Helping Teen Parents Teach Early Literacy Skills With The Very Ready Reading Program

up_teen_parentsMore than 1,000 high school kids roam the halls of the Four County Career Center (FCCC) in Archbold, Ohio, balancing classes, extracurricular activities and social events. But the FCCC is no ordinary high school. Composed entirely of juniors and seniors who have clear career goals in mind, the students here spend half of their time in traditional academic classes and the other half learning and training in their chosen fields, which range from health care to cosmetology to culinary arts.

When Christine Badenhop, School Library Media Specialist, arrived at FCCC four years ago, she immediately noticed the lack of students using the school library. “Many students get burned out from reading for their classes,” she says. “My goal is to create a positive association for students with books and libraries and increase their appreciation for literacy into adulthood.”

Reaching Out to Teen Parents

There was one group of students in particular that Badenhop, along with GRADS (Graduation Reality and Dual Role Skills) instructor Julie Mangas, hoped to attract to the library — teen parents.

“We wanted to help teen parents learn about the concept of early literacy to teach their own children,” says Badenhop.

Enter The Very Ready Reading Program. A comprehensive early literacy program that features themed storytimes, The Very Ready Reading Program is filled with songs, rhymes, activities and book lists, as well as simple ways for parents to infuse early literacy into their everyday routines. Activities are based on the 7 Days 7 Ways principles of early literacy development: share books, share sounds, share words, share rhymes, share songs, share stories and share playtime.

“We were looking for a foundation to base an early literacy program on for teen parents,” Badenhop explains. “The Very Ready Reading Program laid it all out for them. It has been a wonderful tool.”

Badenhop and Mangas agreed on the importance of having students learn the program in a group setting. And they stress that the group is not just for teen mothers — teen fathers are also encouraged to attend. “We wanted these students to meet other teen parents, instead of just being with the librarian, so they don’t feel isolated or alone. In a class of one, students feel like they are the only one in that situation.”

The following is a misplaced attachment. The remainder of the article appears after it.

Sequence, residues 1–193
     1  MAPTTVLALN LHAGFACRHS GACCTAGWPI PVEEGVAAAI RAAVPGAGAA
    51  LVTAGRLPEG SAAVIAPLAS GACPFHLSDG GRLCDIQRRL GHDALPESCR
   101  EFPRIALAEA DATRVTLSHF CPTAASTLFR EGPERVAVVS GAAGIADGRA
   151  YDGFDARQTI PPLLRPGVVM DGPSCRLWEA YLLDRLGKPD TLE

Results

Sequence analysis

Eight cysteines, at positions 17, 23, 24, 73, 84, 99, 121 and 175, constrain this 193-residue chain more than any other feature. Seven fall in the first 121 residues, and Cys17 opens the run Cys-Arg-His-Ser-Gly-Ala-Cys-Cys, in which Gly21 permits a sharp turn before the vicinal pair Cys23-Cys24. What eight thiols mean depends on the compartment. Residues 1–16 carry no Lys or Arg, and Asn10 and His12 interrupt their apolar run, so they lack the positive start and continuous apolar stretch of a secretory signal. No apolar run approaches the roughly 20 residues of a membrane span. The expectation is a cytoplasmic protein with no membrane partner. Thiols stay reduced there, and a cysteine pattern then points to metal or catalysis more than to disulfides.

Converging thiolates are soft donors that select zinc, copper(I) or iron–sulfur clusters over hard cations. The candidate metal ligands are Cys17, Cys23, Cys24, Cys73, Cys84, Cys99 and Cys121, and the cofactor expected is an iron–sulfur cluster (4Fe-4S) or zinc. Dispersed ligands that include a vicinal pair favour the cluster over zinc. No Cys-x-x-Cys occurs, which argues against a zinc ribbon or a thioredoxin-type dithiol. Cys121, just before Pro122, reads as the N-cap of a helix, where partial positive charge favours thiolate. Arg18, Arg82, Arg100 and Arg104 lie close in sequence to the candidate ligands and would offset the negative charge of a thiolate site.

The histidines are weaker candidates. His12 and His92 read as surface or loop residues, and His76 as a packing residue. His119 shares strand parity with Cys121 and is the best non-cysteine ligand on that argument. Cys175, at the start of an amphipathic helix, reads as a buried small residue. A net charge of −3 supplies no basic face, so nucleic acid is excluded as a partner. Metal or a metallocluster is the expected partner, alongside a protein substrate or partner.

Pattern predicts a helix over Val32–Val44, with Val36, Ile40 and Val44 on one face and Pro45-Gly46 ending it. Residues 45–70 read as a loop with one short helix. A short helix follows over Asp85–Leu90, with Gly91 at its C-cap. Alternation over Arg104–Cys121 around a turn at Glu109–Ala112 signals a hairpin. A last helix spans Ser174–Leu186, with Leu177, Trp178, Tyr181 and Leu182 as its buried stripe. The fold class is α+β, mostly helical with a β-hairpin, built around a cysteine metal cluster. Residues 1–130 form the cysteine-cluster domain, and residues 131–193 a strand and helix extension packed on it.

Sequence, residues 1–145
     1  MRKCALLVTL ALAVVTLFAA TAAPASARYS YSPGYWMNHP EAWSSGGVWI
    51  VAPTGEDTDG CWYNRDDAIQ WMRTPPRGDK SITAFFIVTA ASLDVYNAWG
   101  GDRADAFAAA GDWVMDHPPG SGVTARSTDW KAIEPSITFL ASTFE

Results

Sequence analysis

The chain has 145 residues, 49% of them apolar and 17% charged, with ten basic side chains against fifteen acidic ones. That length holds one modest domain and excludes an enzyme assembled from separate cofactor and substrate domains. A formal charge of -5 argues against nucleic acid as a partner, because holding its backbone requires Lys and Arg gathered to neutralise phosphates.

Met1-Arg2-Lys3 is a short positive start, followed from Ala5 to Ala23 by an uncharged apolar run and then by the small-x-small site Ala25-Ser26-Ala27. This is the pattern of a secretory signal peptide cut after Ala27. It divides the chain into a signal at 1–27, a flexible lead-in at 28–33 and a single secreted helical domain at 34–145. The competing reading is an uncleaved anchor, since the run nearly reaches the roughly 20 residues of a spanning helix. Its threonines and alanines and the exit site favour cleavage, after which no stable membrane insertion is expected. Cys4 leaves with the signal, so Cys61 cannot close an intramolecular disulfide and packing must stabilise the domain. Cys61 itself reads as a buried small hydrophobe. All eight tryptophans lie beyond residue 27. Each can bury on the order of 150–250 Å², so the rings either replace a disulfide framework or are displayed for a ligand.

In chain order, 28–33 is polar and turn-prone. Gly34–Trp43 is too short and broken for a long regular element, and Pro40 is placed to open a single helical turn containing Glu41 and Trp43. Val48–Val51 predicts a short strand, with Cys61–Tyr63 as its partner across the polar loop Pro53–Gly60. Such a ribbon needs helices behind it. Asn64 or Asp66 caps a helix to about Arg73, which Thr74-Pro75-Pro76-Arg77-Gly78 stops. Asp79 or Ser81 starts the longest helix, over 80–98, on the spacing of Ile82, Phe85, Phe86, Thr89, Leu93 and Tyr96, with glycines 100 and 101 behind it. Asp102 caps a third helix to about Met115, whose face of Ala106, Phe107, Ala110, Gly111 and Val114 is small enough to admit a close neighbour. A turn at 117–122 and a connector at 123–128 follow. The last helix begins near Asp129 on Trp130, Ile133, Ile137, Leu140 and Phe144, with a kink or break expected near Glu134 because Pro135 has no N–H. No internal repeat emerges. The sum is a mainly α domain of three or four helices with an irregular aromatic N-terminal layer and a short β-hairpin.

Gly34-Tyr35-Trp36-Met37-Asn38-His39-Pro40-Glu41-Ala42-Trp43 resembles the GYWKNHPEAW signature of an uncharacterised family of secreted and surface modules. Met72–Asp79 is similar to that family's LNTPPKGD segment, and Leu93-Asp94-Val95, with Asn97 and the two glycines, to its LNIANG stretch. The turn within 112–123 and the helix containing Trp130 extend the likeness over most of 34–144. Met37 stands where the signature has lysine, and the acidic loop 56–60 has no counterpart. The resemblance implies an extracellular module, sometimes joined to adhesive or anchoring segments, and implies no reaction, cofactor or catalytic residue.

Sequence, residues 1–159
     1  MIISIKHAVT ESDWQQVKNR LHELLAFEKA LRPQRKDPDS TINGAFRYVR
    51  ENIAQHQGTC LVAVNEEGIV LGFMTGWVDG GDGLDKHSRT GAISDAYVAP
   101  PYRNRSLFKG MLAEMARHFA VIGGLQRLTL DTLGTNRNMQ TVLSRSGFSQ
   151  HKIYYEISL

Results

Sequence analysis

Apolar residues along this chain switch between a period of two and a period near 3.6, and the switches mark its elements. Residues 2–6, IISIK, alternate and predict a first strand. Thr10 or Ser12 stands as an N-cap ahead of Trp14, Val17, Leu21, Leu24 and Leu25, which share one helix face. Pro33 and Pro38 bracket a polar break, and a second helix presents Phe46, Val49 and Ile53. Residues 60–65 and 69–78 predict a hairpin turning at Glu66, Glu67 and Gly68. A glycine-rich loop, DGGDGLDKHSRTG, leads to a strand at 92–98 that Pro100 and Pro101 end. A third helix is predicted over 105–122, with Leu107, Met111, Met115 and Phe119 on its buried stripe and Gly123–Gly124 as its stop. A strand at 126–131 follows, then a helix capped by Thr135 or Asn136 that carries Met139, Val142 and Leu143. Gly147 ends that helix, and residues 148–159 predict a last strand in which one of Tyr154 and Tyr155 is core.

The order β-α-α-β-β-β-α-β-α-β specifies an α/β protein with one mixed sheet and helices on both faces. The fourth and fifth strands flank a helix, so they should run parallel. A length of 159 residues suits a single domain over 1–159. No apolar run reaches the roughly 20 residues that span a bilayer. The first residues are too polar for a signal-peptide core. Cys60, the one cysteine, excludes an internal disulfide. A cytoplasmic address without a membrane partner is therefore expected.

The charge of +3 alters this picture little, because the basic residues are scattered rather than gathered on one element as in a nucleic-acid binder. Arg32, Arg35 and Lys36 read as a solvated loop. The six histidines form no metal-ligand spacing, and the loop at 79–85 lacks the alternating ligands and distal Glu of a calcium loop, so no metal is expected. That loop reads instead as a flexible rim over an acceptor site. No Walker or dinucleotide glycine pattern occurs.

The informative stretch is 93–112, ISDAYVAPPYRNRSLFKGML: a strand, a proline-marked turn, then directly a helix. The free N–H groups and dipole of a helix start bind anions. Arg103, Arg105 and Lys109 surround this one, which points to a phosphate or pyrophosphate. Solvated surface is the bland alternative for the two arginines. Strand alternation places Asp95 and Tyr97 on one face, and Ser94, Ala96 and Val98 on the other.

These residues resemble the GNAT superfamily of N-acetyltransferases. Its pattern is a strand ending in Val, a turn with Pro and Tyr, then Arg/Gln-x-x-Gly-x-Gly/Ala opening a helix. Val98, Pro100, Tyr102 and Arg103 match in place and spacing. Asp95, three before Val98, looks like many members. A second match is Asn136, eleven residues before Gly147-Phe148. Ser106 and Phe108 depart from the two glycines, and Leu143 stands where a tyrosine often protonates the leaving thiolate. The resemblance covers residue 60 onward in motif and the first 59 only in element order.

Many of the students immediately connect with The Very Ready Reading Program, as they are already familiar with Eric Carle, whose artwork is featured throughout the materials. And although students are often timid when they first begin the program, notes Badenhop, this changes as their enthusiasm builds. “When seniors return to school after summer break, we see a big difference. We know they are doing the activities with their children at home because they are excited to be there.”

The Super 7, as the group came to be known to give the students anonymity, meets once a month over the students’ lunch hour. At the start of the hour, students read one of the recommended books together as a group, which helps them become more comfortable reading out loud. They then practice doing a song or rhyme as well as a simple literacy activity related to the theme. Mangas also had the idea of adding theme-related snacks, which they make together during the session. Students go home with a copy of the book for their child’s home library and parent handouts that feature the songs and rhymes, recommended book lists and activities they can do with their children to boost early literacy skills.

“The variety of the program is great, and we love the lists of recommended books,” says Mangas. “It makes it easy for students to access the books.”

Community Partnerships

Increased time spent reading and building early literacy skills with their children at home is not the only benefit of the Super 7 program. “Students themselves are reading more as well,” says Mangas.

Badenhop and Mangas have partnered with local libraries to encourage teen parents to use the public library. Students receive a folder, which they can use to take their book lists to the library. When librarians see the folder, they will know the patron is a teen parent looking for titles on the book list, without the teen having to explain. “It makes them much more comfortable,” explains Mangas.

It only takes one librarianTo encourage all students to become familiar with using the public library, Badenhop holds a public library card sign-up day for all FCCC students. Twelve libraries from the surrounding area participate. The FCCC media center page also provides links to 10 public libraries in the area to make it easy for students to access information.

“Our hope is that after two years in our program, students will keep going to the public library,” says Badenhop.

One thing is clear: when it comes to early literacy, Badenhop and Mangas are truly making a difference in the lives of teen parents and their children. They hope to inspire other librarians to use The Very Ready Reading Program in a similar capacity. As Badenhop says, “It only takes one librarian to help a teen parent feel comfortable and have trust.”

Author

Elesa Swirgsdin

Elesa Swirgsdin

Upstart Editor at Demco, Inc.
Elesa is the editor for the Upstart brand at Demco and manages the content for the Collaborative Summer Library Program manuals. An avid lifelong reader, she is passionate about helping librarians inspire kids of all ages to love reading.